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School vouchersIn 2012, many of the politicians who now control the North Carolina General Assembly ran on pledges of “fiscal conservatism” and reducing government spending. Indeed, many prominent members of the current majority continue to style themselves as “common-sense fiscal conservatives.”

There’s a disappointing lack of common sense, however, in the proposed “Opportunity Scholarships” program included in the current House budget. The program would provide school vouchers—up to $4,200 each—for K-12 students to attend private schools instead of traditional public schools. The current budget proposal appropriates $10 million for the program in the first year, and jumps to $40 million for the second. In a time of huge cuts to our public school system, there is no common sense in taking much needed resources from our students and teachers and asking them again to somehow do more with less.

Instead of being fiscally conservative, this voucher scheme is fiscally irresponsible, since it will cost the state money every year after the first. In fact, the larger the program becomes, the more money it will lose for North Carolinians. Read More

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Given all the hubbub around school vouchers being slipped into the NC House budget proposal last month, you might have missed that a few weeks ago members of a U.S. Senate committee voted down an amendment to the ESEA/NCLB Act that would have allowed states to turn Title I funding into school voucher programs.

The amendment, authored by U.S. Sens. Rand Paul (R-Ky) and Tim Scott (R-S.C.), would have allowed states to have Title I federal funds follow low-income students to private and religious schools.

Title I funds are currently directed to schools that serve low-income students. To understand just how much North Carolina’s public schools rely on Title 1 funding, consider this: in 2012, NC’s public school districts received a total of $405,272,019 in Title I funds. That’s nearly half of all federal funding North Carolina receives annually and around 5 percent of the state’s total budget for education last year.

That’s a lot of money when compared with the voucher bill currently in the state budget proposal, which would cost North Carolina’s public schools at least $50 million over two years.
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After many hours of debate, today the full House passed their proposed 2013-15 budget, including school vouchers among its many provisions.

Rep. Ed Hanes Jr., a Democrat from Winston-Salem who is a primary sponsor of the school voucher bill that has yet to be voted on by the full House, put forth an amendment yesterday to strip the House budget of the voucher provision.

Citing his commitment to process, Hanes explained both on the House floor and in a press release, “The announcement that HB 944 had been swept into the House Budget created a huge dilemma for me and education advocates across the State.  This action effectively quashed the right of the people to be heard through the voice of their Representatives. While I remain a passionate advocate of all of our children’s constitutional right to an equal opportunity at a sound and basic education, that passion must be balanced with the rights of the people to be heard no matter their personal feelings.”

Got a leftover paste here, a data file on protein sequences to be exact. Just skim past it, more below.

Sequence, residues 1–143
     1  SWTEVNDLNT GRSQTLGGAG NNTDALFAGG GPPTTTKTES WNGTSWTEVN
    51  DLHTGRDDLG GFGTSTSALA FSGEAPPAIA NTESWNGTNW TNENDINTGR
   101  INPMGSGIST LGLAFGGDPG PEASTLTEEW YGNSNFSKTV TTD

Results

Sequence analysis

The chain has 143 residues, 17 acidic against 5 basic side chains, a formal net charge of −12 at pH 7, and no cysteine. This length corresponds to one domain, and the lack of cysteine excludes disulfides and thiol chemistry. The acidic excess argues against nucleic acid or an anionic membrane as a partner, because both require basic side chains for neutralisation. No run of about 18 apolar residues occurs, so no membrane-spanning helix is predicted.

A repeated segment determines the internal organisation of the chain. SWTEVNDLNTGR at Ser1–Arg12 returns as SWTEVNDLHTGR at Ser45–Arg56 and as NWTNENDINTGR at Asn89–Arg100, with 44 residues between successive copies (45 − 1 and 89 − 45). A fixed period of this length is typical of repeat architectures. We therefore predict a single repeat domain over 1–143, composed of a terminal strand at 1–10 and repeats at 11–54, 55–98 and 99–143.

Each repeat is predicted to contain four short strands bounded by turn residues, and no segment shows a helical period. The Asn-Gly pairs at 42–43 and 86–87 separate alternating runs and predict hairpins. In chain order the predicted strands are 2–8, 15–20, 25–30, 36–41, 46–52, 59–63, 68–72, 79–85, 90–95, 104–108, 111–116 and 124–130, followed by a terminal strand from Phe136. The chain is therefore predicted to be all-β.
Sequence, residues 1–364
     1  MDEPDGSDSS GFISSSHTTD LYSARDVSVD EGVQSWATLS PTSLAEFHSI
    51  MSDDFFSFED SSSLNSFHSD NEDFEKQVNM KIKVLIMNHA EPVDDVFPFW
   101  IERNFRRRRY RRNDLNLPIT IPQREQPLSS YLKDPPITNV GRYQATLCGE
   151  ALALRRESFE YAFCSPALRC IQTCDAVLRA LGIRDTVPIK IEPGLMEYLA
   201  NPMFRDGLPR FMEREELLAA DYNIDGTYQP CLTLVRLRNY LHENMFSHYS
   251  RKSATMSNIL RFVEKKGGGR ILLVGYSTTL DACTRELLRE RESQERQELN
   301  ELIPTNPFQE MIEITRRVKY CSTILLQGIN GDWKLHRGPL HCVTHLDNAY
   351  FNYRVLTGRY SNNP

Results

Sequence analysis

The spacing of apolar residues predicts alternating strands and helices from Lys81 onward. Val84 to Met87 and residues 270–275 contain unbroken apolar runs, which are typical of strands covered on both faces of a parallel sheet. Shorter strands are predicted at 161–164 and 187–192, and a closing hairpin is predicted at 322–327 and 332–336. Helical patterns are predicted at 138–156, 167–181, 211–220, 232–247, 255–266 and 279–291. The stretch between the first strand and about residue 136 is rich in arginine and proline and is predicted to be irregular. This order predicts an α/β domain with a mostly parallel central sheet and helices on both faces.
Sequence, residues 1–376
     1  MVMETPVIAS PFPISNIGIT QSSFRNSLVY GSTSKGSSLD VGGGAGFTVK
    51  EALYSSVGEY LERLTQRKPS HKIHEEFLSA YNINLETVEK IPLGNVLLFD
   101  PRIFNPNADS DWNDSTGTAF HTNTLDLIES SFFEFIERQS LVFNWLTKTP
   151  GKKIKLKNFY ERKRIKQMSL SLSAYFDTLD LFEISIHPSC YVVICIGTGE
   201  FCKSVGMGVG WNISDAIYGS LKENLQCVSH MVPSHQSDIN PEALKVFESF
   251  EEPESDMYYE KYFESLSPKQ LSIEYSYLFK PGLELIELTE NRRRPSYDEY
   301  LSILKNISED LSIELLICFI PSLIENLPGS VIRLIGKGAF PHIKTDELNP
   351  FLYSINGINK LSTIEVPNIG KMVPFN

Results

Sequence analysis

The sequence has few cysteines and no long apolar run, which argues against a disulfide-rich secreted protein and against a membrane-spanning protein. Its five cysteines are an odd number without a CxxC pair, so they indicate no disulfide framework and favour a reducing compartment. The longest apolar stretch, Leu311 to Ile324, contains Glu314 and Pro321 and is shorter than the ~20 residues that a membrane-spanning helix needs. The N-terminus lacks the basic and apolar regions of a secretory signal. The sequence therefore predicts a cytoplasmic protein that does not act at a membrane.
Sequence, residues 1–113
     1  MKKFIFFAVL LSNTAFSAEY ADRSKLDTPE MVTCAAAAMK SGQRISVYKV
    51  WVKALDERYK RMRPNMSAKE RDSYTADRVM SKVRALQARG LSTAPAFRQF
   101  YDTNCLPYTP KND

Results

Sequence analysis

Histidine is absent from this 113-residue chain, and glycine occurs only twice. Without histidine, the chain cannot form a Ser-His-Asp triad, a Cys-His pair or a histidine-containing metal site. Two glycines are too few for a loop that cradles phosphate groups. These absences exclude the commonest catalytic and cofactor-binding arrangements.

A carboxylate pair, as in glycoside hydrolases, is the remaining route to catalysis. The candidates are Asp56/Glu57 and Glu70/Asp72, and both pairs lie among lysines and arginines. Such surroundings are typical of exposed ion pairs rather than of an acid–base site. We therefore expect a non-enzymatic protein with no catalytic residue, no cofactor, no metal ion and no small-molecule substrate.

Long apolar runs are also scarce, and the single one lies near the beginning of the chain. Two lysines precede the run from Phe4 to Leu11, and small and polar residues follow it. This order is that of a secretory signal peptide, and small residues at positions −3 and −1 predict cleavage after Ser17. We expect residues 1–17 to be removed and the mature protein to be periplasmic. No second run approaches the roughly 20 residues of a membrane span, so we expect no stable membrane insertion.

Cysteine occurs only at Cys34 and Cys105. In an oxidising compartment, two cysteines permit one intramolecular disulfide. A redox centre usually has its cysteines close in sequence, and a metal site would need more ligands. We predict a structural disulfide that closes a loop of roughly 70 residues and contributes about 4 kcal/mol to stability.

North Carolina is not the only state where the school voucher debate is raging. In Texas, five school choice bills were introduced during this spring’s legislative session. Members of the Texas House sent up a smoke signal that school vouchers would not be popular when they put forth an amendment to the House budget that would have banned the use of public dollars for private schools. Texas’ school voucher bill, SB 23 or the “Equal Opportunity Scholarship Program,” died before it reached the Senate floor. Read More

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The NC House gave tentative approval to a $20.6 Billion budget Wednesday after debating more than two dozen amendments.

Some of the most impassioned debate followed an amendment by  Rep. Ed Hanes Jr. — a primary sponsor of the controversial House Bill 944 — to take school vouchers out of House budget. The Forsyth County Democrat argued while he still supported vouchers, the issue was too important to tuck inside the budget where it would not “receive full consideration, discussion, and debate.”

Co-sponsors of the bill urged House members to vote against the proposal, ensuring the Opportunity  Scholarship Act would be funded.

Prior to the vote on Rep. Hanes’ amendment, House Speaker Thom Tillis took the unusual step of speaking in favor of vouchers, while also being careful to say that he no longer believes that K-12 public schools are broken.

The Hanes’ amendment, removing vouchers from the larger budget bill, failed 52-65.

Thursday’s debate on the full budget begins in the House at 9:00 a.m.

To watch some of the debate over school vouchers from Wednesday’s House session, click below:

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Members of the House appropriations committee gathered today to debate their proposed budget for 2013-15.

The budget includes all of the language from the school voucher bill, or HB 944 Opportunity Scholarship Act, which would siphon $50 million over two years from public education and funnel that money to private schools.

Rep. Chris Whitmire, a Republican from Transylvania County, put forth an amendment that would have removed the school voucher language from the budget, calling the voucher bill a “Trojan horse” that would have brought the government into private settings and had not been fully vetted by the entire House. Read More